Lack of workers to build the Navy's new fleet of ships & submarines, single biggest threat to the $90B endeavour

Posted: 30th Jul

Defence has warned its new ministers Linda Reynolds and Melissa Price that a lack of workers to build the navy's new fleet of ships and submarines is the single biggest threat to the $90 billion endeavour.

Senior officials also cautioned that the two foreign-owned shipbuilders responsible for the lion's share of the work were using different computer systems for their "digital shipyards", adding to the risk for the department and consequently, taxpayers.

The warnings are contained in the incoming government brief, prepared by bureaucrats to bring ministers up to speed on key portfolio issues following the election. The brief was released under freedom of information laws.

Under the Coalition's naval shipbuilding program, 54 vessels have been commissioned to be built in Australia: 12 submarines, nine frigates and 12 offshore patrol vessels for the navy, and 21 patrol boats to be gifted to Pacific nations.

Construction is already under way on the OPVs and patrol boats in Adelaide and Perth respectively but the workload will really ramp up from 2022 and 2023, when the first frigates and submarines start being built in Adelaide.

By 2030, about 15,000 workers will be needed to build and sustain naval vessels, Defence estimates.

In the case of the submarines, frigates and OPVs, the government has selected three foreign designs, adapted for Australian needs.

Defence's warning over the challenge of finding enough workers comes amid industry complaints that the submarine designer, Naval Group, is trying to funnel as much work as possible to French companies,

"The Naval Shipbuilding Program is the largest major capital acquisition program that has ever been undertaken in Australia," the incoming government brief says.

"The program is very ambitious and carries significant risks – particularly for cost and schedule.

"Defence considers workforce development to be the single largest risk to the success of the Naval Shipbuilding Program."

The brief says the frigates and submarines were two of the most complex programs worldwide. The product life management tools used in naval construction brought the "most advanced manufacturing and life cycle management capabilities to Australian heavy industry".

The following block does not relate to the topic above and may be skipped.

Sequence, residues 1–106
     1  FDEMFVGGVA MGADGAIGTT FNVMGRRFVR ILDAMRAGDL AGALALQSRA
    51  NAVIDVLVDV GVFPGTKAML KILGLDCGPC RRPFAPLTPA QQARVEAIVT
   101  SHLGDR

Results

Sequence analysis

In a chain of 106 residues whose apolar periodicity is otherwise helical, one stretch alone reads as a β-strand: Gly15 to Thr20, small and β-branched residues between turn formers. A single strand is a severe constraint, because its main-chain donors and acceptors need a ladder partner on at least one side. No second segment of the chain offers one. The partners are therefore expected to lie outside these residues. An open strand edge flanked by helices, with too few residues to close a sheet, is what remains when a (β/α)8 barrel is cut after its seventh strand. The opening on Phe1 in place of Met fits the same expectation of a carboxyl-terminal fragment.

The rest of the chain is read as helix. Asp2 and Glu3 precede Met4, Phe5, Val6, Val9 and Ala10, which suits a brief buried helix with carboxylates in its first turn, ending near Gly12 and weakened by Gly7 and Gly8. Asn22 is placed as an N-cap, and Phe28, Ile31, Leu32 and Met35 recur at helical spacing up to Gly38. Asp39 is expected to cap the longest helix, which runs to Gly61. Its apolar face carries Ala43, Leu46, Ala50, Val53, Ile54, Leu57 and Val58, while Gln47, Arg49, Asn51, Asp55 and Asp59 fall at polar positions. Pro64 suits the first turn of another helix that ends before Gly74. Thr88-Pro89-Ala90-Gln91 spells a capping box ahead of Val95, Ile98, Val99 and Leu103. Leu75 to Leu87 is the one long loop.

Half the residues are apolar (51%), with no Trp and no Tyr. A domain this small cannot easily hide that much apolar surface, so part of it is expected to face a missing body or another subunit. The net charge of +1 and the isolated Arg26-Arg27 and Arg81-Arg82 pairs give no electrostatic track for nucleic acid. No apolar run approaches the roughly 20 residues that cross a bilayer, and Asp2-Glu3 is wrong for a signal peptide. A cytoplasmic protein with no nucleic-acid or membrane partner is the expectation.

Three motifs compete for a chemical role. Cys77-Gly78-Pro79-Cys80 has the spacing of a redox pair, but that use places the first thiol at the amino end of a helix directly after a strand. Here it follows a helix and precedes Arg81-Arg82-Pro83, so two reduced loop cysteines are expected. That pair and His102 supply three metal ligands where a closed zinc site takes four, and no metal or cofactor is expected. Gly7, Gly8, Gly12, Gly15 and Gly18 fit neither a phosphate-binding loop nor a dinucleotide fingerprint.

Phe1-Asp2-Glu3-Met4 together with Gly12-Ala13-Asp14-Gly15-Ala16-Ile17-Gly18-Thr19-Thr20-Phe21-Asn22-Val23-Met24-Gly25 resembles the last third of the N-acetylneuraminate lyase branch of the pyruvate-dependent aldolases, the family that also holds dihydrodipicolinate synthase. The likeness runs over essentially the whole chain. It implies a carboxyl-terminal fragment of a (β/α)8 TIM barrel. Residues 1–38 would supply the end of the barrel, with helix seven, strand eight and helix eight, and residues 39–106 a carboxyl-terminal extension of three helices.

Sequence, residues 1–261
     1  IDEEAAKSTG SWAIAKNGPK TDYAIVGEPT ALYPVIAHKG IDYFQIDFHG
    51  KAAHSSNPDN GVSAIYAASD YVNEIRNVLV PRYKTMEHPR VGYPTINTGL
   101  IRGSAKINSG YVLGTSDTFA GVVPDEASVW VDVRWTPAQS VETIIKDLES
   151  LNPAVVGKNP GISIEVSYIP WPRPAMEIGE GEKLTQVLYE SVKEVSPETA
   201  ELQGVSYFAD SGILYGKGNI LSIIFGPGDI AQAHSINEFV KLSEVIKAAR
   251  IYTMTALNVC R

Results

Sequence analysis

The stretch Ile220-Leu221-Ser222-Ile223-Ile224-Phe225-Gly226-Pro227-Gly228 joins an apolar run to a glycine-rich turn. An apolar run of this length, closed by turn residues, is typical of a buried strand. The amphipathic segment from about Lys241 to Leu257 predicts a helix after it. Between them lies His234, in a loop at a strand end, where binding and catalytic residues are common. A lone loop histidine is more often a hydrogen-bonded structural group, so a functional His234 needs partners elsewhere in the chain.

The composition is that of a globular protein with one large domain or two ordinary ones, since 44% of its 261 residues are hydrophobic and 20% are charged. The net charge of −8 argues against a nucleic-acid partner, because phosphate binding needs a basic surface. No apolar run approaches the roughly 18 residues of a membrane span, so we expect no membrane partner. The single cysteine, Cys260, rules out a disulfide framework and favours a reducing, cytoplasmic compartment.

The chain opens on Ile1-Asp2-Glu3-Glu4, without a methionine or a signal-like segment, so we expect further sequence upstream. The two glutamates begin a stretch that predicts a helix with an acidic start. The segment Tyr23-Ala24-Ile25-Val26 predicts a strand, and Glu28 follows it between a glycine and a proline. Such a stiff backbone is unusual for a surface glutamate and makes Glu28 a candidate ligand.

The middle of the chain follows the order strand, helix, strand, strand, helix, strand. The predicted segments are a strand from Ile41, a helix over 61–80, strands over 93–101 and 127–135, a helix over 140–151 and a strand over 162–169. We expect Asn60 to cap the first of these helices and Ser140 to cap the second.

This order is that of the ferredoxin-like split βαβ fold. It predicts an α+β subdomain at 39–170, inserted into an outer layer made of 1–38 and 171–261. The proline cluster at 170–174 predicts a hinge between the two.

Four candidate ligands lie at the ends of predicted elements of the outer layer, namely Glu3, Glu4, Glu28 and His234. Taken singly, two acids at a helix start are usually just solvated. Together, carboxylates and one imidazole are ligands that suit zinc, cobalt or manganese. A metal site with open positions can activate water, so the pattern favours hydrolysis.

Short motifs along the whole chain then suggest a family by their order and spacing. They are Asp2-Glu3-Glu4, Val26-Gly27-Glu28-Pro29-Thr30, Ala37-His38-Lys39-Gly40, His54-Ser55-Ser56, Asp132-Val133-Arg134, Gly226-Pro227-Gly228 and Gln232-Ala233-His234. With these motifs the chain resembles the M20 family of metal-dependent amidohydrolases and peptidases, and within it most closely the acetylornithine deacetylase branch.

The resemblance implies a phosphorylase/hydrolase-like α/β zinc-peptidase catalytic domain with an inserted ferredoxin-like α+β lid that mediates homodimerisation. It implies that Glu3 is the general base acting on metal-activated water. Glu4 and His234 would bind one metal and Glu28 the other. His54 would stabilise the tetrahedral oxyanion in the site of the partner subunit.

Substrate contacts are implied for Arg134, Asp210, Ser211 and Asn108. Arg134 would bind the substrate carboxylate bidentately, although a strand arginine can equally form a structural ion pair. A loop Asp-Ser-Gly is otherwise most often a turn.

"The near-simultaneous start of construction adds risk in workforce and program management," the brief says.

"Skills learned in shipbuilding – whether CAD/CAM design, cost-effective manufacturing schedules or operating the most sophisticated welding and pipe-bending computer-controlled machines – will naturally migrate to other manufacturing trades within Australia.

"These advantages also bring risks: the near-simultaneous development of two different digital shipyards (Siemens for ships and Global 3D for submarines) will require careful co-ordination across programs within two different companies."

Caution on bidding war

Australian Strategic Policy Institute defence economist Marcus Hellyer said there was a risk the shipbuilding program could find itself losing skilled workers to high-paid mining jobs in the event of another boom.

But he cautioned against getting into a bidding war for labour, saying Defence should instead emphasise the "value proposition" of steady and secure work in shipbuilding against the ups and downs of the mining industry.

"If we have to wait even longer because of workforce shortages here, that is a terrible outcome because ultimately this is about capability in defence of Australia, not jobs in Adelaide, and we could lose sight of that," he said.

Asked by The Australian Financial Review whether she was concerned the government may not meet recruitment and training targets, Senator Reynolds said Defence was continuing to undertake strategic workforce planning activities for the shipbuilding enterprise, including examining the workforce requirements for industry and the Commonwealth.

"We have taken steps to support industry, mitigate risks associated with the availability of suitably skilled and experienced workers, and to stabilise the workforce during transition between build projects," she said.

"The Naval Shipbuilding College is a key initiative ensuring a co-ordinated, national approach to workforce development and skilling across the enterprise."

Source: Australian Financial Review - https://www.afr.com/politics/federal/defence-sounds-warning-on-shipbuilding-workforce-20190729-p52brp